C. S. Lewis on Myth (Part III)

This post is part of an ongoing series examining C. S. Lewis’s view of “myth.”

Lewis on MiraclesIn Miracles, Lewis reflects on the importance of myth in regards to the Old Testament and Israel. Lewis writes that “The Hebrews, like other people, had mythology: but as they were the chosen people so their mythology was the chosen mythology –the mythology chosen by God to be the vehicle of the earliest sacred truths, the first step in that process which ends in the New Testament where truth has become completely historical” (Miracles, 218). For Lewis, myth is historically important in creating the context of beliefs for the truly factual, the person and work of Jesus Christ. He writes that “Just as God is none the less God by being Man, so the Myth remains Myth even when it becomes Fact. The story of Christ demands us, and repays, not only a religious and historical but also an imaginative response” (Ibid., 218) Continue reading

C. S. Lewis on Myth (Part I)

C. S. Lewis

C. S. Lewis

Most people do not like being told that they are wrong. This is especially true when it comes to politics or religious faith. Interestingly, a number of pundits and scholars have taken to calling religious faith “myth” in recent years, especially religious faith that for many adherents hinges upon certain events that claim to be historical. The work of Joseph Campbell springs to mind, as do more contemporary perspectives such as those espoused by Bill Maher and Richard Dawkins. For perspectives such as these (most admittedly devoted to philosophical naturalism) and others (one thinks of certain Historical Jesus scholars over the years), Christian claims about the resurrection of  Jesus of Nazareth cannot be categorized as anything but “myth,” the stuff of legend, or theological story-telling. And, as one might expect, most Christians do not appreciate being told that their deeply held religious convictions are, in a word, myth. While for many the term “myth” connotes feelings of falsehood or story, Christian thinkers such as C.S Lewis conceived of myth in other terms. In the essay that follows, we examine Lewis’ conception of “myth,” as well as his understanding of the relationship between “myth” and “fact” in the Christian narrative. Continue reading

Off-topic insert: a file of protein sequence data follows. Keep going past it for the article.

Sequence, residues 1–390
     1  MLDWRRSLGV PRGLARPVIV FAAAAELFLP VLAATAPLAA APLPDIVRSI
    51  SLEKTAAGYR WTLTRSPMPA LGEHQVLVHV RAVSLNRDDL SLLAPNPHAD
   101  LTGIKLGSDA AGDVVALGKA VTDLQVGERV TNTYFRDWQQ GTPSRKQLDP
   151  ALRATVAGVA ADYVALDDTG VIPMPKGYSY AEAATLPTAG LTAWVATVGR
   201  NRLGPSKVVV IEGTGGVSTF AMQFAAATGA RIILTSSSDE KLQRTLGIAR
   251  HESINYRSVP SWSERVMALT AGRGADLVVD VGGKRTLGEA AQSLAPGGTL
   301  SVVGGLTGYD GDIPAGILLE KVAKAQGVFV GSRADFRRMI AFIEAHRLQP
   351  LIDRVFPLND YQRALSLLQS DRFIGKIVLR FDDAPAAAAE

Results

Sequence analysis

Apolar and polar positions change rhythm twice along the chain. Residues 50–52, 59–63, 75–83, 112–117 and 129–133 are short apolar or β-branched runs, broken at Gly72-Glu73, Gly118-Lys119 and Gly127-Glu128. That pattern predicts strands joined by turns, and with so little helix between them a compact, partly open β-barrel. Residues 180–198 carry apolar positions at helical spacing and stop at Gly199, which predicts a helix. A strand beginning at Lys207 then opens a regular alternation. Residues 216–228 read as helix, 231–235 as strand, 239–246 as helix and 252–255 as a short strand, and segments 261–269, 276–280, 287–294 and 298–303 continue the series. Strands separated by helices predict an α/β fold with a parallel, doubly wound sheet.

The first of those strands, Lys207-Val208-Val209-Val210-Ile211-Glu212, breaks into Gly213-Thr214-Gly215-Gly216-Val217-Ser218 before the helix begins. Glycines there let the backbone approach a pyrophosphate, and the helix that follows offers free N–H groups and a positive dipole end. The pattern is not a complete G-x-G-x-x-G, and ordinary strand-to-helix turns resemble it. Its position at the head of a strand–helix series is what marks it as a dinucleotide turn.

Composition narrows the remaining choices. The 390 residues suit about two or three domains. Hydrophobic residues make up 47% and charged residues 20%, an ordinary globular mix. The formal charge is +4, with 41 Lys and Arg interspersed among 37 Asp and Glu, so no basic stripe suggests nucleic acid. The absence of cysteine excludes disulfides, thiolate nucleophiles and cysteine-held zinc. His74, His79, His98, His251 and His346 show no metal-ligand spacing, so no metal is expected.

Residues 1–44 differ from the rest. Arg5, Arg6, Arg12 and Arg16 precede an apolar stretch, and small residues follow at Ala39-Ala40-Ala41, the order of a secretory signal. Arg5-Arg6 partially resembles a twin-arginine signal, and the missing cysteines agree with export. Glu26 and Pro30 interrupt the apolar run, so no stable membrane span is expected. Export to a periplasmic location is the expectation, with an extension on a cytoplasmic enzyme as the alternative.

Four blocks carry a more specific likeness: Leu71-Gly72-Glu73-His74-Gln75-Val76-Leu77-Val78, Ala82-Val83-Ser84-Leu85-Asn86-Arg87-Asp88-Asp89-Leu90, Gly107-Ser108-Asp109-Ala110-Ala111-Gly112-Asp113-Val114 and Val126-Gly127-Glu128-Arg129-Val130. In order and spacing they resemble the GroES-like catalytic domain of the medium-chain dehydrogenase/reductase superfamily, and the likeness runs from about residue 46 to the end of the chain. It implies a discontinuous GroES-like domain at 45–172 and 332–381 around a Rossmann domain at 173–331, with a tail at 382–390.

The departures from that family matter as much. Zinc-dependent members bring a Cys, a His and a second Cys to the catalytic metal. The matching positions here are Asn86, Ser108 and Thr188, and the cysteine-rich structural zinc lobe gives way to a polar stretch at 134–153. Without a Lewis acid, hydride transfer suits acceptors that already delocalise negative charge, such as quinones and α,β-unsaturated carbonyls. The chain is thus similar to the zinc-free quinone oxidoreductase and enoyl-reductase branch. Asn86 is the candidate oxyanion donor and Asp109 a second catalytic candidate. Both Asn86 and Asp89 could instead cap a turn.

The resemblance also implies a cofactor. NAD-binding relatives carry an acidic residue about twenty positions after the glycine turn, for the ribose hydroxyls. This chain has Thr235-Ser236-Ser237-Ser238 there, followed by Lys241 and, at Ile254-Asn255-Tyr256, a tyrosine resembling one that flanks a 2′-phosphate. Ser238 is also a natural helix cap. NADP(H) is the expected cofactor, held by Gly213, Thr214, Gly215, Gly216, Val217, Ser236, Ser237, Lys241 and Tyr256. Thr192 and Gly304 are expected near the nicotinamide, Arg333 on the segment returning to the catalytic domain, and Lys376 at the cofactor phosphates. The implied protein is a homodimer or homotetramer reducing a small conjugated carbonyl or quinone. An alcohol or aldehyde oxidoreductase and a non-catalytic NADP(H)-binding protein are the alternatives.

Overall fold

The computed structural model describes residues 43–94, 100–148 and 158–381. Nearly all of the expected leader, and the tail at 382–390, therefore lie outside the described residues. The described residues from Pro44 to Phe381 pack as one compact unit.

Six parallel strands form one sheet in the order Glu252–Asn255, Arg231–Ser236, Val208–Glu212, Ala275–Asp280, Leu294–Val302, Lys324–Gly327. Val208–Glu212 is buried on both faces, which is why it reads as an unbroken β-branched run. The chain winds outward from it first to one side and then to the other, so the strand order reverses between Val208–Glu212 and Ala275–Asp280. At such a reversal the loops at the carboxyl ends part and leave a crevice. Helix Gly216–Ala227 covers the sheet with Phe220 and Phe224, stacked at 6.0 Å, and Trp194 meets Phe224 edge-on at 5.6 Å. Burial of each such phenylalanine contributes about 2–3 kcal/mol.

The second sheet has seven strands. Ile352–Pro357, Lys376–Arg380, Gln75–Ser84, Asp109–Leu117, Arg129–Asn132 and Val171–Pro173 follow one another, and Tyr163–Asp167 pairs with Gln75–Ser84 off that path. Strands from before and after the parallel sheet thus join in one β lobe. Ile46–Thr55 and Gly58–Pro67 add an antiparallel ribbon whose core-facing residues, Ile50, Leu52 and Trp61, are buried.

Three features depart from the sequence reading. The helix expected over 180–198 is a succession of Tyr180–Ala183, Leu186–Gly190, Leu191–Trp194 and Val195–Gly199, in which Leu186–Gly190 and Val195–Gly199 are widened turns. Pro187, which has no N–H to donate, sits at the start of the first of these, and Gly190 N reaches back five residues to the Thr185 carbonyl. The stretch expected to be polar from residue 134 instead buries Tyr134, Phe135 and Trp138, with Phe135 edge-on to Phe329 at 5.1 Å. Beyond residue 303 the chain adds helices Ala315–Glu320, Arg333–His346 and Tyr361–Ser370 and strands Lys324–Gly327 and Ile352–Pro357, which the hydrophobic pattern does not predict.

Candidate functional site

Planet Narnia: Part Two

This article originally appeared at Conciliar Post.

dawn_treaderMy previous post introduced Michael Ward’s Planet Narnia: The Seven Heavens in the Imagination of C. S. Lewis,[1] in which he argues that the medieval conception of the Seven Heavens serves as the basis for the seven Chronicles of Narnia, with Lewis using the characteristic ethos of each planetary intelligence as the paradigm for his books. In this post, we turn to an explicit consideration of how the evidence of the Chronicles of Narnia fits Ward’s theory through consideration of The Voyage of the Dawn Treader. We also consider how these stories have been so popular over the past fifty years, and why no one previously mentioned the theme of the Seven Heavens. Continue reading